Feb 7, 2012
On the Road to Success: AWARD Fellows from Malawi, Mozambique, and Zambia Report on their Career-path Progress at Regional Meeting

Agricultural research advanced, grants obtained, scholarships won, new knowledge acquired, and promotions received. These are just a few of the accomplishments of AWARD Fellows from Malawi, Mozambique, and Zambia, who convened recently during an AWARD Regional Progress Monitoring Meeting in Chisamba, Zambia.

The 16 women scientists reported on their progress according to their “purpose road maps”—career goals they set after winning an AWARD Fellowship almost one year ago.

“I’m well on my way toward my goal of raising US$10,000 for my research on catfish and tilapia production systems,” confidently said Jacqueline Kazembe, a deputy chief fisheries officer in Malawi. “I learned how to write an effective proposal at an AWARD training course, I wrote a first draft, and I identified funding agencies to which I am going to submit my proposal in the next few months.”

Fellow Malawian Asimenye Nthakomwa echoed Kazembe’s enthusiasm. “I was offered a scholarship from the Tropical Biology Association to attend an upcoming short course in Madagascar,” reported Nthakoma, who just secured a new position as a program officer with the Malawian government’s Enhancing Community Resilience Programme. Her long-range career goal is to contribute to smallholder farmers’ ability to utilize forest resources sustainably through collaborative management, as a tool in climate change adaptation in sub Saharan Africa.

Angela Manjichi, manager of the Business Incubator Center at the Instituto Superior Politécnico de Manica in Mozambique, is pleased with her progress. “I attended a training workshop in gender and climate change mainstreaming in agricultural research, and I collected data for two articles that I plan to write on market access and technology adoption,” she said. “I also applied for a Fulbright PhD scholarship, and I passed the first phase of the process.”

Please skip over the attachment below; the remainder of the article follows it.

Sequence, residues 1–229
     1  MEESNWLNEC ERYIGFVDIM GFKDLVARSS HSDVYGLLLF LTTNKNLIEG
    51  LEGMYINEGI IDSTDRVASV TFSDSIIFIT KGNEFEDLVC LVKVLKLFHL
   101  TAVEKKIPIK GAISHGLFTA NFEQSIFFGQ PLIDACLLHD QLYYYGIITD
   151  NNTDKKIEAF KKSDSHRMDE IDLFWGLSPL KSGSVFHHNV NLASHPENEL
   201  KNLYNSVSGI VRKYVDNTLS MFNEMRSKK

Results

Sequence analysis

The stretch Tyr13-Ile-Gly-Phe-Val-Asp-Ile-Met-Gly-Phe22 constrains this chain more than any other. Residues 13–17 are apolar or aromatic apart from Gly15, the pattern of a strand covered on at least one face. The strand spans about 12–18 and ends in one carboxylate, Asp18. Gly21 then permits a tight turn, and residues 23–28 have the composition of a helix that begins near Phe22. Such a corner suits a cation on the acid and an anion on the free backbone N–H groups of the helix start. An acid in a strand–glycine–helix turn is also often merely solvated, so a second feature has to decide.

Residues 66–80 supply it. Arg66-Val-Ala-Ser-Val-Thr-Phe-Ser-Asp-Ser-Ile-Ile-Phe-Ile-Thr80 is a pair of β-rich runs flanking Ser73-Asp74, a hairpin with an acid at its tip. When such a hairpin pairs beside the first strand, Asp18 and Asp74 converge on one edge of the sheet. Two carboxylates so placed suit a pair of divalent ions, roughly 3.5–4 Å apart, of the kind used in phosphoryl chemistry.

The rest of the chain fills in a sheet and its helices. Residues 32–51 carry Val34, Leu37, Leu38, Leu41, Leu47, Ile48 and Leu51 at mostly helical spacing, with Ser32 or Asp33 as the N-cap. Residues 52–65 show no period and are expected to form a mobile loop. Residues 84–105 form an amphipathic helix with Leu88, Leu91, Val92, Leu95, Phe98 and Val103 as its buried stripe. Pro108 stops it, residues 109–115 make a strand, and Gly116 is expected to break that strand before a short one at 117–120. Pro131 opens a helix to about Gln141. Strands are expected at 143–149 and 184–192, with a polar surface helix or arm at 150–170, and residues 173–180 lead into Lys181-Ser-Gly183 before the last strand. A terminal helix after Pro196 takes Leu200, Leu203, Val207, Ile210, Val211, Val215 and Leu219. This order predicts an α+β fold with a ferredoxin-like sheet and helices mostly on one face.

The scientists were accompanied by their AWARD Mentors—senior scientists who have volunteered to coach and support an aspiring researcher in her career development over a two-year period.

“Being a mentor has been very eye-opening for me,” said Eustace Chanel Nkandu, a lecturer at the University of Zambia. Inspired by the success of Lorraine Chishimba, the AWARD Fellow whom he mentors, he drew up his own purpose road map, and is already seeing benefits. “I was accepted into PhD program, invited to join a government committee, and I have learned to mentor my university students better as a result of the training I received from AWARD.”

In the final year of the two-year fellowship, AWARD Fellows with advanced degrees are required to share their experience by mentoring a junior scientist themselves. Known as AWARD Fellows’ Mentees, these young women benefit from training courses offered by the fellowship. Four fellows’ mentees participated in the Zambia meeting.

“Mentoring is a mutually beneficial relationship that works two ways,” says Lizzie Kachulu, a plant breeder with CIAT, who is being mentored by AWARD Fellow Salome Malongo. “For instance, when networking, we introduce each other to useful contacts.”

The third and final AWARD regional meeting will be held in Mukono, Uganda from June 11-15 for participants from Ethiopia, Kenya, Rwanda, Tanzania, and Uganda.



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